Saturday 29 October 2016 - 04:11

US Proposed Turkish Intervention in Iraqi Mosul Op: Report

Story Code : 578279
US Defense Minister, Ash Carter
US Defense Minister, Ash Carter
During a recent visit to Iraqi and Turkish capitals Baghdad, Ankara, the US Defense Minister, Ash Carter has proposed a secret plan that will allow Ankara to go ahead with its reiterated wish to enter the Mosul liberation operation; however it requires Turkey to evacuate all its armed forces from Iraqi territories as soon as the operation ends.
The plan, however, seems to lack any guarantees on its second phase when Ankara is required to leave Iraq, since keeping a military presence seem of utmost importance for Turkey.
The Turkish parliament members recently renewed the mission of their armed units, already in Iraq, for another year. The move was rejected furiously by their counterparts in Iraq that painted the deployed units as “occupiers” with the Iraqi prime minister Haider al-Abadi calling for their immediate removal from Iraqi territories.
The Ankara, on the other hand, responded defiantly, insisting on keeping a military presence in the Kurdish region. The issue was so important for Ankara that it chose to enter a rhetorical tension with the southern neighbor rather than opting for a serious dialogue over the issue.
Now it seems highly improbable that Ankara would agree to evacuate forces even after it has guaranteed a role in the highly desired Mosul liberation operation. The operation that is set to defeat the last stronghold of the ISIS terrorist group has been attractive for many foreign forces that seem to be plotting to influence the future political scene.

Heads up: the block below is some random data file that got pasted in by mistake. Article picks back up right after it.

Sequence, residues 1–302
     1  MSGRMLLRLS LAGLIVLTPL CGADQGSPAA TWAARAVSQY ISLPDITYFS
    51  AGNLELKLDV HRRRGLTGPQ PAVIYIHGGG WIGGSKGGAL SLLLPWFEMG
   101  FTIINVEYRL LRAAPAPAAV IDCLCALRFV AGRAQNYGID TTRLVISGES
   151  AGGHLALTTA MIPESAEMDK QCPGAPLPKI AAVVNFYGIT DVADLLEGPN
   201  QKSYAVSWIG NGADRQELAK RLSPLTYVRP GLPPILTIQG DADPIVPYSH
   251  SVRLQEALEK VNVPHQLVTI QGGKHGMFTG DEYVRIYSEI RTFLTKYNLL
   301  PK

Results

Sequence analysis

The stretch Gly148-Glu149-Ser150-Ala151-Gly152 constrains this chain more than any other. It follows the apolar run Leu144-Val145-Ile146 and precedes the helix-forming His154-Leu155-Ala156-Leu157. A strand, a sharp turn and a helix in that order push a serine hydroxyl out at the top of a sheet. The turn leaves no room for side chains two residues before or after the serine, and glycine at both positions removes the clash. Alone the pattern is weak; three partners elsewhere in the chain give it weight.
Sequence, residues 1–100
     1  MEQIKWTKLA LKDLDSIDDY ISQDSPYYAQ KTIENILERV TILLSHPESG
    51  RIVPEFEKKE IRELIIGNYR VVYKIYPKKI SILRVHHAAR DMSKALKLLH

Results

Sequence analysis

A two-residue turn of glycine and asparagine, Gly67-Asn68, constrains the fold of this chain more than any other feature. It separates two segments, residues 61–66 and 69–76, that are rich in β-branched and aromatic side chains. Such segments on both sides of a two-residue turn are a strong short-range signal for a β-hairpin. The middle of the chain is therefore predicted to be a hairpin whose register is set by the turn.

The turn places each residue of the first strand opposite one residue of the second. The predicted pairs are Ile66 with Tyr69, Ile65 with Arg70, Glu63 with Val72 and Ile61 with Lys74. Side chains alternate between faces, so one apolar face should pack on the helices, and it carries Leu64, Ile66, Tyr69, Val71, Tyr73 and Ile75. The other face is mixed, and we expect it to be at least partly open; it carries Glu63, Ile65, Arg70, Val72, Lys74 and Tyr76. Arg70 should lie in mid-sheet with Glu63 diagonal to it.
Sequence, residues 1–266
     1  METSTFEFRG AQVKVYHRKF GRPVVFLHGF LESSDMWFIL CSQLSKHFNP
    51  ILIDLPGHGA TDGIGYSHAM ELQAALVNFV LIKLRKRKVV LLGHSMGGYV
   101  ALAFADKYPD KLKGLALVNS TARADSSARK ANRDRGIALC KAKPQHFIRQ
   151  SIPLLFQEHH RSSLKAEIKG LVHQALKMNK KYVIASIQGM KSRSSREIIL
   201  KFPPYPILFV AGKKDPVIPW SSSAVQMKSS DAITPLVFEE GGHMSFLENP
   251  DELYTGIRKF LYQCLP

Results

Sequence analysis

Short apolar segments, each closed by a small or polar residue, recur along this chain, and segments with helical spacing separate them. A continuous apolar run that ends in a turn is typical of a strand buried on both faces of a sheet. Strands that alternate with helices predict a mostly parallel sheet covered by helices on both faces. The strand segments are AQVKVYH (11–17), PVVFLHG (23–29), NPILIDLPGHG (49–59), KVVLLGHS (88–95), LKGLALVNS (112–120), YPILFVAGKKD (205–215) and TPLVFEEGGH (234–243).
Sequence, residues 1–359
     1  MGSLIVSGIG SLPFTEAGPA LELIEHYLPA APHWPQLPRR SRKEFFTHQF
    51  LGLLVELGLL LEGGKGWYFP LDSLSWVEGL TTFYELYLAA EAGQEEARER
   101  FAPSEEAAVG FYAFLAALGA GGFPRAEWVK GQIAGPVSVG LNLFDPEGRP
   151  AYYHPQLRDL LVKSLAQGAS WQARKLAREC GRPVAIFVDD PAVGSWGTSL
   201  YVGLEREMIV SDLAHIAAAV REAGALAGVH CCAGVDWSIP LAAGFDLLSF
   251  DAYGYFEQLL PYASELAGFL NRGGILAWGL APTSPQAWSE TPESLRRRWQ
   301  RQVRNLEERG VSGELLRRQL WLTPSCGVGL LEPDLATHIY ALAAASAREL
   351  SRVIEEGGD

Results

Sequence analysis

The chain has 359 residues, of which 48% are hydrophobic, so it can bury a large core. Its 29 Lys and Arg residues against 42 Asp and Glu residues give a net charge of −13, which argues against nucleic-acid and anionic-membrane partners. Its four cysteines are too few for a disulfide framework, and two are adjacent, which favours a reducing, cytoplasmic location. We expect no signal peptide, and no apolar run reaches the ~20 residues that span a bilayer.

Trying to keep an independent control over its territory, Iraqi government has rejected all calls to enter foreign forces into the determinant operation. But now the US proposal seems to pave the way for infiltration of Turkish government in a region it won’t give up easily in the future.
Although the Iraqi government seems to have rejected the proposal, Ankara keeps insisting on its stance by initiating shelling attacks that were claimed to be a support for the Kurdish Peshmerga present in the Mosul operation.
Mosul fell to ISIS terrorists in 2014 and is the last Iraqi stronghold for the group. Iraqi army started a long awaited operation to liberate the city, seven days ago, and only Iraqi forces including the national police, Shiite volunteers, and Kurdish Peshmerga are allowed to join the battle.